The DNR's office in Sartell will be working on the project once it reaches Stearns County. If there is money left over from this funding to be applied to the Paynesville to Richmond segment, it will probably be used to put decks and railings on bridges. There are several hundred feet of bridges in that part of the trail in need of such improvements, said Soupir.
Of the other funding in this year's bill, $307.2 million goes to higher education, with the University of Minnesota (U of M) receiving $116 million and the Minnesota State Colleges and Universities (MnSCU) school system.
Major portions of the U of M's funding are for asset preservation, new business school buildings on the Minneapolis and Duluth campuses, and a medical bioscience research building on the Minneapolis campus.
Included in the MnSCU funding is money for asset preservation, science building renovates and additions, and funding for designs of future construction at ten MnSCU campuses.
St. Cloud State University received $14 million for one of its science buildings and $4.5 million to renovate the oldest classroom building on its campus. Over $3 million was awarded to St. Cloud Technical College to acquire property.
Environment and agriculture programs received $259.1 million in funding. Included in that is $80.3 million for clean water, drinking water, and wastewater projects, $51.4 million for various parks and trails, $25 million for flood prevention projects, and $25 million for zoos.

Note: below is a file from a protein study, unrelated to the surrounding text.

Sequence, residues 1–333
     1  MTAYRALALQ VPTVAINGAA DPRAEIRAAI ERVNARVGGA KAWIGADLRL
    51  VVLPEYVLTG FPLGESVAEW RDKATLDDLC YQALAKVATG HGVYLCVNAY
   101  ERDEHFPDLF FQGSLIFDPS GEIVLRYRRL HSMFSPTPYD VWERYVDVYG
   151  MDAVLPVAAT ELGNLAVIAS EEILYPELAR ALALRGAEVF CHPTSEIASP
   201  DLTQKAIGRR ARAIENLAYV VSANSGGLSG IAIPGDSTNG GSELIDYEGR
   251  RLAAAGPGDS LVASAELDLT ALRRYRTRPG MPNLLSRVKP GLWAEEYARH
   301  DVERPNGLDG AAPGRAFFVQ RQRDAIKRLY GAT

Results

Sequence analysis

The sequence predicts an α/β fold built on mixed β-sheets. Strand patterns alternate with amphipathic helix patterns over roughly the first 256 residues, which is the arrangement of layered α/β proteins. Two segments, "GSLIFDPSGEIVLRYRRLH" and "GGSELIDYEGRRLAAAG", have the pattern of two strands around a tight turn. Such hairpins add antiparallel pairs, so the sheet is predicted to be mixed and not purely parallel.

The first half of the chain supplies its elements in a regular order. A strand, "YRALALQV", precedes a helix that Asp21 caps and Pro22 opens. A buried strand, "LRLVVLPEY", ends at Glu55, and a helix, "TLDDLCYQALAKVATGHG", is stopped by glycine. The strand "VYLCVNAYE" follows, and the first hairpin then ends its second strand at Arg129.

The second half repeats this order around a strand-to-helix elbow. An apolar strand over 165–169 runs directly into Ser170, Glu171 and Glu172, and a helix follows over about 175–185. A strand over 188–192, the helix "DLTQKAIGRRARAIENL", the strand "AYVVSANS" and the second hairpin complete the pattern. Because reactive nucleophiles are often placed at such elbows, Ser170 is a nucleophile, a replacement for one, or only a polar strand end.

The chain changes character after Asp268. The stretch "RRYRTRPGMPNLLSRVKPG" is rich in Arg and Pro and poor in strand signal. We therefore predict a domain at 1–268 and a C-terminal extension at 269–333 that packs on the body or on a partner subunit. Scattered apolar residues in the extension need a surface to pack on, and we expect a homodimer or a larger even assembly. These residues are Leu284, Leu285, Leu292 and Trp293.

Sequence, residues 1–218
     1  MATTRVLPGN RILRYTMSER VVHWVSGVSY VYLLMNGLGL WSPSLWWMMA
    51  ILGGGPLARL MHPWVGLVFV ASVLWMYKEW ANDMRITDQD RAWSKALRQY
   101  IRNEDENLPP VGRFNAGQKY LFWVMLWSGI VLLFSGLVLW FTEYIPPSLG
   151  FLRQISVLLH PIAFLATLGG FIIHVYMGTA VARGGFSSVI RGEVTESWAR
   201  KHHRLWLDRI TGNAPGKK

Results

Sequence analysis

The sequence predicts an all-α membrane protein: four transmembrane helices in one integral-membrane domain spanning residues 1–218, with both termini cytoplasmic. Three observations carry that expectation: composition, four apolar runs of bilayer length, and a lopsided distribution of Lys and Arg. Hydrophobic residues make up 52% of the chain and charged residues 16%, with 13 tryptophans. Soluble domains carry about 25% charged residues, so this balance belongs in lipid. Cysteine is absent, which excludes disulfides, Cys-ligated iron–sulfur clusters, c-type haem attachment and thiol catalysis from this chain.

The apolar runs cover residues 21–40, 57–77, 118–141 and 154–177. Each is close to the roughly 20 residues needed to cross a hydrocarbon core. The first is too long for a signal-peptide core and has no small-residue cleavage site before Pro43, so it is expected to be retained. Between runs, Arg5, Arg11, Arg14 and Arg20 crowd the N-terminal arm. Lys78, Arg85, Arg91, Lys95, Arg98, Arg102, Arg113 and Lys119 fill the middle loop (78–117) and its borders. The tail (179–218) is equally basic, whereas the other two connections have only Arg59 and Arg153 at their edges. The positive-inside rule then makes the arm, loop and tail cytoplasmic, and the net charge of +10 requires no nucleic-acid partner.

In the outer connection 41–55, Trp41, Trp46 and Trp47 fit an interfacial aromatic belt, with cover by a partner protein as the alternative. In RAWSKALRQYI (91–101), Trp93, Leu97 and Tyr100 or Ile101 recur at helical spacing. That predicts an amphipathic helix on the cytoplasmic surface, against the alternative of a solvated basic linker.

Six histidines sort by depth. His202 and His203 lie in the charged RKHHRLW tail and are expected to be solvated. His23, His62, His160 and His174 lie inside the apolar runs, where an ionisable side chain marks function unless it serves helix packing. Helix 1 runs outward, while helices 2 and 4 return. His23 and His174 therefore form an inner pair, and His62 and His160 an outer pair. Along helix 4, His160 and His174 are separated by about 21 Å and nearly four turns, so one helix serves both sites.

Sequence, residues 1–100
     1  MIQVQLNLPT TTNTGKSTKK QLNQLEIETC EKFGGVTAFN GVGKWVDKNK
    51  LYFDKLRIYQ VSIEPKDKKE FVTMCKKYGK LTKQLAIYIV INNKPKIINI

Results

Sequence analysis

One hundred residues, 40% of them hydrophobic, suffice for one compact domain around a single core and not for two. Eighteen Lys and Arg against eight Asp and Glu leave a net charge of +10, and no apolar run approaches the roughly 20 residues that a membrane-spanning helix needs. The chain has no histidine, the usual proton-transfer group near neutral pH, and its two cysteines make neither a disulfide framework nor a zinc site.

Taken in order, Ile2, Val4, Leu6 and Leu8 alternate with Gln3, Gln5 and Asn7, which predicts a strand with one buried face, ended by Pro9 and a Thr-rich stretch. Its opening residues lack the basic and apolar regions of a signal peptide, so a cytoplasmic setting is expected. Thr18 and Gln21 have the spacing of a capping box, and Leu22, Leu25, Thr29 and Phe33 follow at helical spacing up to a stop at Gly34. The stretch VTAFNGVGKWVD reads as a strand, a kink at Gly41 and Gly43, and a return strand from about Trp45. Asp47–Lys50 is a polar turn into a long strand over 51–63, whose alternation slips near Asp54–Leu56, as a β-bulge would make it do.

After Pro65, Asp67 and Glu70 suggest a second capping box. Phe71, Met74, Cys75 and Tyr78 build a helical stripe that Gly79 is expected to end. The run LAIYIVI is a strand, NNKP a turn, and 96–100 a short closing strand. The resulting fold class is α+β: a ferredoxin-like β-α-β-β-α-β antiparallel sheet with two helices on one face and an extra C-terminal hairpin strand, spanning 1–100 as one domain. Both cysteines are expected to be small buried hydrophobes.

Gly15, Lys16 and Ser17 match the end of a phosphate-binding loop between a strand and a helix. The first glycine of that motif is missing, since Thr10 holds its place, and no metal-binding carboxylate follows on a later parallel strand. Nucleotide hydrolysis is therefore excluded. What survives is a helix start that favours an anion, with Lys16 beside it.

Two local state parks, Glacial Lakes and Sibley, were provided $150,000 from the money for parks to construct and upgrade cabins.
In the wastewater treatment portion, $23 million was awarded to wastewater infrastructure funding, to be granted to local governments by the Minnesota Public Facilities Authority on the basis of a point system. The age of the current system, the number of people it supports, the average income of those citizens, local utilities rates, and the contributions of local and federal governments will all be taken into account in the point system.
A sewer project for the city of Richmond, which a number of local legislators identified as a top priority this year, will likely receive funding from that $23 million. Rep. Larry Hosch (DFL-St. Joseph) said getting this money included was one of the session's results that he was most proud of.
Funds from the same pool could be allocated to Brooten and St. Martin, since Brooten cannot expand before its system is improved and St. Martin can onlyhave three houses added to the city before it is at its limit, added Rep. Bud Heidgerken (R-Freeport). Both cities are likely to get the funding this year or next year, he predicted.
Transportation funding totaled $155.8 million, with $71 million of that designated for local bridge and road projects and $60 million for the segment of the Northstar commuter rail project between Minneapolis and Big Lake. After that section, the next segment of the commuter rail that will be funded and built is from Big Lake to St. Cloud.
The St. Cloud Regional Airport was given $2 million for land acquisition in the bonding bill, as well.
Money in the bonding bill was also allocated to prisons, sex offender treatment facilities, arts and event centers, transitional housing, and redevelopment grants, among other projects.
Contact the author at firstname.lastname@example.org Return to News Menu